July 1, 2006
Q: Is depression among the elderly common?
A: Yes. Depression affects more than 6.5 million Americans who are 65 years or older. In Massachusetts, roughly 161,000 seniors deal with depression. Most older people with depression have been suffering from episodes of the illness during much of their lives. For others, depression has a first onset in late life. Depression in older persons is associated with dependency and disability and causes great suffering for the individual and the family.
Depression is not a normal part of aging. It comes in different sizes and shapes. Many older people and their families don't recognize the symptoms of depression, aren't aware that it is a medical illness, and don't know how it is treated. Others may mistake the symptoms of depression as signs of dementia. Also, many older people think that depression is a character flaw and blame themselves for their illness and are too ashamed to get help. Others worry that treatment is too costly.
Older persons with depression rarely seek help. Untreated depression has fatal consequences in terms of both suicide and non-suicide mortality. The highest rate of suicide in the U.S. is among older white men. Depression is the single most significant risk factor for suicide in that population. Many elders who commit suicide have reached out for help: 20% see a doctor the day they die, 40% the week they die, and 70% in the month they die.
Depression in older people is often characterized by memory problems, confusion, social withdrawal, loss of appetite, inability to sleep, irritability, and delusions and hallucinations. Older depressed individuals often have severe feelings of sadness, but these feelings frequently are not openly shown. When asked if they are "depressed", the answer from persons suffering from depression is "no". Some general clues that someone may be suffering from depression in such cases are persistent and vague complaints and help seeking, along with frequent calling and demanding behavior.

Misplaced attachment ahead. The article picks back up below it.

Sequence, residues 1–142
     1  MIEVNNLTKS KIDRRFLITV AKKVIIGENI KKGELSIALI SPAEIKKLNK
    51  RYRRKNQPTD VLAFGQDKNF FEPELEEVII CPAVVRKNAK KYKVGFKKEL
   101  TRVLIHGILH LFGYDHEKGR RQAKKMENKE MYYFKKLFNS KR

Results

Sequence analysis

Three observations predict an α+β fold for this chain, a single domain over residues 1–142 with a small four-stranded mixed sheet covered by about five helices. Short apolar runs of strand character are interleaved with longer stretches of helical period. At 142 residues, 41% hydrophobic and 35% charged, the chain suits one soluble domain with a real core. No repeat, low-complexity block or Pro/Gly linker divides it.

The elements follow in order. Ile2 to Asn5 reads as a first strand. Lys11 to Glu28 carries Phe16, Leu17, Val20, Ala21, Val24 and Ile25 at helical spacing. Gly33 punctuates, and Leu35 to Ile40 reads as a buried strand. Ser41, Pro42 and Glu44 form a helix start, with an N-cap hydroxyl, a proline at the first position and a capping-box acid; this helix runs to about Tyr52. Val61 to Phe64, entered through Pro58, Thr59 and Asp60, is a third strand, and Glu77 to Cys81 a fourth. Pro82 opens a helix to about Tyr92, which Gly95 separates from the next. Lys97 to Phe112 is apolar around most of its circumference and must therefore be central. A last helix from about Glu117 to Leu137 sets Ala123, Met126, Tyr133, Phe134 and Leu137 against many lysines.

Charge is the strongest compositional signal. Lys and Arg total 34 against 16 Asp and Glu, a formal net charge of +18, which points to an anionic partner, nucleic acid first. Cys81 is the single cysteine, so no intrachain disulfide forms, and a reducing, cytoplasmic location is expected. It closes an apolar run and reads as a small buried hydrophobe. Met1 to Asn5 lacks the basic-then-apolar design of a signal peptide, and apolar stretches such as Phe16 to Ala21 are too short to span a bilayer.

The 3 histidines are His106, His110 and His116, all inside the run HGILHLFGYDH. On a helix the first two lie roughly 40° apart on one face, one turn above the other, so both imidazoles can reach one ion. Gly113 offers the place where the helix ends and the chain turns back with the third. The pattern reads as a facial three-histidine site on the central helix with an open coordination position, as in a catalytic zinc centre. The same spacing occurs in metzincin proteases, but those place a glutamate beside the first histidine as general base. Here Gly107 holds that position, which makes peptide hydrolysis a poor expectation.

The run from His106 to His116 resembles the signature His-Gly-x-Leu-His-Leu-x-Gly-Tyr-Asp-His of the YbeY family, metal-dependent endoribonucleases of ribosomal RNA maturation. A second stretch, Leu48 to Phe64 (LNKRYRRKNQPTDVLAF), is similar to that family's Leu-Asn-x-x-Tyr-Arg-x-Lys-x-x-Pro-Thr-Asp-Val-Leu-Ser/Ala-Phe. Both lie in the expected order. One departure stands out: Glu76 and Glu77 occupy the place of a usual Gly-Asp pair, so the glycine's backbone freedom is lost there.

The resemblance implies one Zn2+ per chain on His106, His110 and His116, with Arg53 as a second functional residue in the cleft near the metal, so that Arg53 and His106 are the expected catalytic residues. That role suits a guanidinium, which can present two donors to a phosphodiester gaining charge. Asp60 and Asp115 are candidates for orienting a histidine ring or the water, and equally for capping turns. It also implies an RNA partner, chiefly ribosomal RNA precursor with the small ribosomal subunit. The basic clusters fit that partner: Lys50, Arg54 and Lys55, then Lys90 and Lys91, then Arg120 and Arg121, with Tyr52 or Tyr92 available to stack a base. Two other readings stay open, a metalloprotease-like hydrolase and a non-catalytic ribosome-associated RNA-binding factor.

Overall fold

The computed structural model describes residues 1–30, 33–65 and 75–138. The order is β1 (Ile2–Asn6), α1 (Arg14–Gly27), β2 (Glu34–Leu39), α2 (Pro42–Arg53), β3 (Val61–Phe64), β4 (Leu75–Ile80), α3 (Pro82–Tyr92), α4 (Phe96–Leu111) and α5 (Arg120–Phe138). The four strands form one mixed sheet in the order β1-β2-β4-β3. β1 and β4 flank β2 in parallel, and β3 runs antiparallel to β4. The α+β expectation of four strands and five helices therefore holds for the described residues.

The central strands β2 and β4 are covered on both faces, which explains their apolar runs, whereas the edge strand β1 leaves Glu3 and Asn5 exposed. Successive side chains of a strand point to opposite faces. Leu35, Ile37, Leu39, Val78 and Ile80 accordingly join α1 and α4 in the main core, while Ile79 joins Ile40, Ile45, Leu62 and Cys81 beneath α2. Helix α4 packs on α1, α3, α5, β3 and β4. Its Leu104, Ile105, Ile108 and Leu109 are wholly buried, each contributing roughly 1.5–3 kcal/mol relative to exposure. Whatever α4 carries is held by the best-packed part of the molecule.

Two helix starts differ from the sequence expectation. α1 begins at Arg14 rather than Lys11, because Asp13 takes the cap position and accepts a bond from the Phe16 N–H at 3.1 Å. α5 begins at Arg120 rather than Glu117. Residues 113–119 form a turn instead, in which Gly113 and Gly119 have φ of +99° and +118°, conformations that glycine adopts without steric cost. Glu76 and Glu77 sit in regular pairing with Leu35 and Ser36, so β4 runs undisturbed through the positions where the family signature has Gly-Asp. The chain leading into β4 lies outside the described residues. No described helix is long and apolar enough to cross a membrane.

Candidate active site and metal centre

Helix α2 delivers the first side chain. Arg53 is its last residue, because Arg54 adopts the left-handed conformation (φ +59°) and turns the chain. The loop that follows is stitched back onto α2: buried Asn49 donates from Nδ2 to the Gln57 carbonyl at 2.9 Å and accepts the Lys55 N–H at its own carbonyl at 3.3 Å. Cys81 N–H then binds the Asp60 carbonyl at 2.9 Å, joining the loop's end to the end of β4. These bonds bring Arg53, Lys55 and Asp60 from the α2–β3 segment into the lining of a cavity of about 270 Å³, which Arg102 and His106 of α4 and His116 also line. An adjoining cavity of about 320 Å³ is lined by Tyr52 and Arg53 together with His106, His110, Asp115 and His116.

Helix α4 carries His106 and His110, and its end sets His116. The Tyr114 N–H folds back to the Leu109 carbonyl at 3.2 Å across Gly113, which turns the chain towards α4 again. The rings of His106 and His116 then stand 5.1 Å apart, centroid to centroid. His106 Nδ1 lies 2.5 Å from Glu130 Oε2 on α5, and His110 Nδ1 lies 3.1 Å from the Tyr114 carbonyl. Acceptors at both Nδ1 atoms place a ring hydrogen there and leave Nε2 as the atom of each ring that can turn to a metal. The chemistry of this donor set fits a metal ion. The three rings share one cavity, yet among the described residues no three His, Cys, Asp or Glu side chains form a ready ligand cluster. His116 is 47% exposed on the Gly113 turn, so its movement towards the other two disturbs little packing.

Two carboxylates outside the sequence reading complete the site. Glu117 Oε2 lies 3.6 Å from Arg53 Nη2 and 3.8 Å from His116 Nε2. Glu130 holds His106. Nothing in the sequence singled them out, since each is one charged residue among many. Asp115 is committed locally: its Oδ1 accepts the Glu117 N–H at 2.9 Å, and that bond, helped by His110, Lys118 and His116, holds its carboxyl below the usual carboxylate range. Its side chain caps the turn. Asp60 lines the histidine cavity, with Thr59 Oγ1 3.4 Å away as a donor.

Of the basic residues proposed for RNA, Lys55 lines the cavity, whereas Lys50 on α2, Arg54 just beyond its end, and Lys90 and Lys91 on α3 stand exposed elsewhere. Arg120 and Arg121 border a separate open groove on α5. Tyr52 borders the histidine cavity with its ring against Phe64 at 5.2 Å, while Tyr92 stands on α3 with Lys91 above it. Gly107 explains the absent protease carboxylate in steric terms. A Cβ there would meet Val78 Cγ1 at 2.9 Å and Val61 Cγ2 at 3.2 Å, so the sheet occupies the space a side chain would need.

Clinical depression doesn't go away by itself, and lasts for months. It needs to be treated professionally. Any unresolved depression can affect the immune system, which makes the depressed individual more susceptible to other illnesses. This complication is often found in older individuals. Older women are at a greater risk because women in general are twice as likely as men to become seriously depressed. The stresses of maintaining relationships or caring for an ill loved one and children also fall more heavily on women, which could contribute to depression.
80% of clinically depressed individuals, including older persons, can be effectively treated by medication, psychotherapy, and other approaches. Depression is a chronic disease. Getting well is only the beginning of the challenge, staying well is the real goal For further information, call 1-800 Age Info, press 3 and ask for mental health services.
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